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David Brussat: Rec center's 'third way' in Brooklyn - Gate House

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By David Brussat
May 21. 2014 6:07AM

David Brussat: Rec center's 'third way' in Brooklyn


A couple of years ago the world of classical architecture learned that an extraordinarily non-canonical building had won a Stanford White Award from the Institute of
Classical Architecture & Arts headquarters...

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SARATOGA MONOGRAPH

Rec center's entrance, with mahogany.

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A couple of years ago the world of classical architecture learned that an extraordinarily non-canonical building had won a Stanford White Award from the
Institute of Classical Architecture & Arts headquarters chapter in New York City.
Eyebrows arched. Was this another break with tradition like the ICAAs 2011 conference on postmodern architecture, of all things, or like Michael Graves, of
all people, getting another prestigious classical award, the Driehaus, in 2012? Heterodoxy! What was going on?
Then the talk died down and most classicists moved on to other issues.
But a flow of e-mails kept arriving from the New York architect who designed the building, the Saratoga Avenue Community Center, in Brooklyn. It turned out
that George Ranalli is also the dean of architecture at the City College of New York, had taught for 20 years at Yale and was a modernist in good standing.
Nevertheless, his community center was a gem of a building attached to a typically appalling housing block erected in the 1960s by the New York City Housing
Authority. The community center, in the Brownsville neighborhood of Brooklyn, was completed in 2009 as part of a regrettably brief effort by the authority to
refine its designs for civic architecture.
What was unique about the Saratoga Avenue rec center was its beauty, arising from materials such as wood and techniques such as ornamental decoration,
both opposed by the authoritys architectural commissars, caught in the usual modernist time warp. But they relented in this case because Ranalli claimed he
could build it on budget and on time.
This he did, using, for example, mahogany for doors and window frames at a cost half that of stainless steel framing. Indeed, the building is so alluring that it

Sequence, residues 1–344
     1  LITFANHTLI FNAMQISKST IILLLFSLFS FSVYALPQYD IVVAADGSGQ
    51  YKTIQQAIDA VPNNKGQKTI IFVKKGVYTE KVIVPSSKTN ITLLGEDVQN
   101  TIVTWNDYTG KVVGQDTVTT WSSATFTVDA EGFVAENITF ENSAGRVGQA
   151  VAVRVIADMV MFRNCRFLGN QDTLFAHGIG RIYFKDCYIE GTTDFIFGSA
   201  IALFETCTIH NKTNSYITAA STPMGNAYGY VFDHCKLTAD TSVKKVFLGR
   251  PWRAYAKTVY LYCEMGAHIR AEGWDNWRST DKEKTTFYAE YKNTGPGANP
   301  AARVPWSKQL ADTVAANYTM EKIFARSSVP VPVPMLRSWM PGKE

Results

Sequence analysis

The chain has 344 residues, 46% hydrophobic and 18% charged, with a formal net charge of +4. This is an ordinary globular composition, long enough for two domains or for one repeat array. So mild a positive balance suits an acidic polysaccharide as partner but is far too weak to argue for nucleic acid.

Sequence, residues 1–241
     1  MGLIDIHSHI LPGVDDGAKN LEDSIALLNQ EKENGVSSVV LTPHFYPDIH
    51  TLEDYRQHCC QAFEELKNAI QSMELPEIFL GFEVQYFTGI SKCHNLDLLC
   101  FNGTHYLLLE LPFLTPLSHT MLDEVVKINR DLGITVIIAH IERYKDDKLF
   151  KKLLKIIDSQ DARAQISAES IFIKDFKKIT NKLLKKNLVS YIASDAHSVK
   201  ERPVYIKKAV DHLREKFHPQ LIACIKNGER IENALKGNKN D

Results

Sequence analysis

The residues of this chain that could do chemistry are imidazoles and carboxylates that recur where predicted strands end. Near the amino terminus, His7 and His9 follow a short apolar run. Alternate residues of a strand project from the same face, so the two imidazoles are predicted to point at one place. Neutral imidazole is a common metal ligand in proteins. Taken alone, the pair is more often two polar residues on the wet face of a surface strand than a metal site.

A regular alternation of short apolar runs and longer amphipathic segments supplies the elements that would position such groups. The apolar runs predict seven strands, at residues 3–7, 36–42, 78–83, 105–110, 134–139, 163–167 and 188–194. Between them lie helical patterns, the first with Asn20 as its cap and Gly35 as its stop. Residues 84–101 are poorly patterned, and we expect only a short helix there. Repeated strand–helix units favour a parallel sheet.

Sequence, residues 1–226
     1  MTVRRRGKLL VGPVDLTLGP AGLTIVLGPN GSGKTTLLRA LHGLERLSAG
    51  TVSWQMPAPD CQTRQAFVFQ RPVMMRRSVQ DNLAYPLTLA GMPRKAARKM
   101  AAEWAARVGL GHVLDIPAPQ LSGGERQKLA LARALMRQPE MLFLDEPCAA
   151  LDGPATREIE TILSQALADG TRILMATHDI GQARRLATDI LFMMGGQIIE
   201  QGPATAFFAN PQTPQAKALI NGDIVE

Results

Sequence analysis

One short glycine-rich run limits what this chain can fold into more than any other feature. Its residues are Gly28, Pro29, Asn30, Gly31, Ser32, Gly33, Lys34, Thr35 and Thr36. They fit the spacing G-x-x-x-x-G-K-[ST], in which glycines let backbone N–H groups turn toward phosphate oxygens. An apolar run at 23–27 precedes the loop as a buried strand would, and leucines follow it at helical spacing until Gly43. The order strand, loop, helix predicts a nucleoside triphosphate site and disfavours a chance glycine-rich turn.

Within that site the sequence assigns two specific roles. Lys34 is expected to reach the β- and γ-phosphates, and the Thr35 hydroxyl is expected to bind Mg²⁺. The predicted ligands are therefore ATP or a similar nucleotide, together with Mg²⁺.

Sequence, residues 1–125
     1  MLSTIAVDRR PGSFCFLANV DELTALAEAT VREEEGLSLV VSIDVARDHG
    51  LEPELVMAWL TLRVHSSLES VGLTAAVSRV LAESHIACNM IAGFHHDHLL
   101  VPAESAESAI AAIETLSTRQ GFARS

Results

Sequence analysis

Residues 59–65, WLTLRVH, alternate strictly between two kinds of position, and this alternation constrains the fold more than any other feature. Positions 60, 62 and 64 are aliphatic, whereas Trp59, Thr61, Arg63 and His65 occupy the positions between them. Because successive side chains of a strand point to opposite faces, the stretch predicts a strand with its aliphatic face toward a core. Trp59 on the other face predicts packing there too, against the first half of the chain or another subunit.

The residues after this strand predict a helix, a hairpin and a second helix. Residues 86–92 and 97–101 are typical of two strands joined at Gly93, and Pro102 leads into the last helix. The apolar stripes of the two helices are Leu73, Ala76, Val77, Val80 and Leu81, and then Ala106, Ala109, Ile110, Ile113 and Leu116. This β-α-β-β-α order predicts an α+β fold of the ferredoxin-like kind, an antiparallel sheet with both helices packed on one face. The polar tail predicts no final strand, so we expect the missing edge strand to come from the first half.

looks out of place in its setting. But recapturing civic architecture from modernisms worst habits among Ranallis stated goals must start somewhere. In
this case, fitting into context would merely continue the assault on beauty, which the poor deserve no less than the rest of society.
The Saratoga Avenue Community Center is not a traditional let alone a classical building. Yet it is not a modernist building, either, not really. It is something in
between.
Youll find little sympathy in my corner for a third way between traditional and modernist design. I promoted compromise for years in Providence with
zero traction. The cure for our built environment is to return to traditions interrupted by modernism. No third way is required, and when attempted the
resulting pastiche is often junk, satisfying no one. However, if compromise can weaken modernisms dominance in architecture, as a sort of third-party
candidate in the politics of design, then bring it on. Who better than George Ranalli to lead the Not Exactly a Modernist ticket?
During my recent visit to New York City, we chatted in his office on West 28th Street. He comes down hard on modern architecture, the banality of its novelty,
its professional sclerosis and its shoddy treatment, for example, of stone and brick masons, whom he says are castigated as villains. And yet for a potential
revolutionary, his Brooklyn rec center seems like an outlier in his firm's portfolio (georgeranalli.com), most of which falls solidly in the modernist camp.
Ranallis style features an aesthetic tic that might be called syncopated rectangularity. For example, almost any window frame in a Ranalli design has an odd
squarish bump-out, which might itself have another, smaller bump-out. By this means he introduces a classical reverence for scale and ornament into his
work.
Saratoga is a good example. So are the six condos he fit (jarringly, in my opinion) into the old Callender School, in Newport. There are strong hints of Frank
Lloyd Wright in Ranallis work. Although the rec center was ignored by the establishment architectural journals, critics such as Paul Goldberger, Michael

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9/16/15 1:22 PM

David Brussat: Rec center's 'third way' in Brooklyn - Gate House

http://www.providencejournal.com/article/20140521/OPINION...

Sorkin and the late Ada Louise Huxtable applauded it often in ways that can be turned against the modernism they normally admire.
[T]he architects insistence, wrote Huxtable in The Wall Street Journal in 2009, on mahogany for windows and doors instead of standard steel sash, the
elegant brickwork, the many thoughtful details carried out on a shoestring budget all explode the clich that these buildings must not only be built on the
cheap but look it as well. Huxtable meant architecture for the poor, but her critique could apply equally to most other modernist work.
I would be more comfortable with George Ranallis leading a revolt against modern architecture if folks like Huxtable, Sorkin and Goldberger were less pleased
with his work. But if he can soften the hardness of modernism with more Saratoga Avenue Community Centers, that would certainly be a big step in returning
beauty to the streets of the city.
David Brussat (dbrussat@providence- journal.com) is on The Journals editorial board.

http://www.providencejournal.com/article/20140521/OPINION/305219864

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9/16/15 1:22 PM